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Race/ gender/ ethnicity and law

Race/gender/ ethnicity and law


Isthe Bureau of Indian Affairs a necessary level of bureaucracy in 21stCentury America?

TheBureau of Indians Affairs (BIA) is a United States’ agency that istasked with the responsibility of protecting and enhancing the trustassets of American Indians and Indian tribes. The U.S. federalgovernment has encouraged Indian self-determination through variousgovernmental programs that focus on promoting quality of life andeconomic opportunities among the tribe[ CITATION Edw12 l 1033 ].However, the identity of the American Indian tribesis an issue that has faced a lot of controversies amongpolicy-makers, researchers, and the American society in general. Therelationship between the American Indians and the United States is aspecial one, and the federal authority has consistently refined theiridentity through various policies. The essay seeks to shed lightwhether the Bureau of Indian Affairs is a necessary level ofbureaucracy in the current century.

Historyand Background

TheBIA has undergone myriad transformations, since its inception in1824, as the federal government tries to redefine its relationshipwith the Indian Tribes and the Alaska Native community[ CITATION Sch111 l 1033 ].Evolving federal policies have been tailored to subjugate and absorbAmerican Indians and Alaska Natives. Over the years, the BIA has beenentrusted to perform the role of implementing Federal laws thatimpact on the general Americans.

Bureauof Indians Affairs (BIA) bureaucracy

Regrettably,Indians living on the reservations have been forced to depend on andstay within the confines of the federal government regulations. Thefederal government and the Indians have a long and disreputablerelationship that spans over hundred years. As research studiesindicate, the federal government has taken various actions that havedeprived the Indians their resources such as land and also freedom[ CITATION Edw12 l 1033 ].Most of the government actions and policies have aimed atannihilating the Indian cultures, rather than promoting their lifeand economic status. Over the years, the BIA has been faced withnumerous hurdles regarding management of offices and embezzlement offunds.

TheBIA is responsible for implementing various public activities thatfocus on the welfare of the Indians. Indian treaties usually aim atsubsidies, aids, and regulatory controls that promote their socialwell-being. The federal government has provided the Indian tribeswith health services, farm implements, food rations, andinfrastructure in a bid to fulfill its objectives[ CITATION Sch111 l 1033 ].On the other hand, the federal government has implemented policiesand controls that have curtailed fur trade and introduced ban onIndian religious functions.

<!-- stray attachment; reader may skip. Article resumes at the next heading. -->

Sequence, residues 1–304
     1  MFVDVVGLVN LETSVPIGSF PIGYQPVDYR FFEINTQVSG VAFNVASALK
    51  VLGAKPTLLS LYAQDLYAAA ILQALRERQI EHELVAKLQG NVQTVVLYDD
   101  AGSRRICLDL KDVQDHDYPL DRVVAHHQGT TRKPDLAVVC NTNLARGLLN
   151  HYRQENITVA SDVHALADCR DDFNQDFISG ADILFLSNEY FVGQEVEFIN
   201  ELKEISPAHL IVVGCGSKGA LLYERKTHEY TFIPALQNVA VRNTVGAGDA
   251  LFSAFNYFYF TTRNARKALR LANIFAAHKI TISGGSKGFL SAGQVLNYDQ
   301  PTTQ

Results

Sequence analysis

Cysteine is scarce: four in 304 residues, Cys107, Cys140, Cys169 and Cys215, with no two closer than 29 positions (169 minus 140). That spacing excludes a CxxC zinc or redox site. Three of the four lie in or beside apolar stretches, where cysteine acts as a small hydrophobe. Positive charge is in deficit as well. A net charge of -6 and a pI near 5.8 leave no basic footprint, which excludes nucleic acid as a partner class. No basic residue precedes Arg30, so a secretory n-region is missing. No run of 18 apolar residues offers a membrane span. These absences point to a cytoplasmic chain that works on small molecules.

Thesupremacy of the BIA over the Indian life has resulted in adversesocial, economic, and political impacts. The BIA has been inefficientand corrupt since its inception in 1824[ CITATION Edw12 l 1033 ].Over the past, fraud, corruption, and bribe cases have been the normof the agency, as it tries to maintain its control over the setresponsibilities and objectives. Additionally, the federal governmentis expected to uphold the trust responsibility aspect when makingmost of the policies that affect the Indians. However, the tribeshave moved away from self-governance thus making the trustresponsibility feature, less relevant. As such, the Indian tribeshave embraced more responsibilities as they gain more control overthe trust funds, land, and natural resources.

Inconclusion, the federal government has been a major determinant inthe BIA decisions regarding the self-determination of the Indiantribes. Nonetheless, this should not be the situation because theimplementation of policies and regulations ought to be based on theinterest of the Indian tribes. Therefore, the government has taken alarger control of the BIA’s decision and policy making authority.


Edwards, C. (2012). Indian Lands, Indian Subsidies, and the Bureau of Indian Affairs. Downsizing the Federal Government.

Schmidt, R. W. (2011). American Indian Identity and Blood Quantum in the 21st Century: A Critical Review. Journal of Anthropology, 1-9.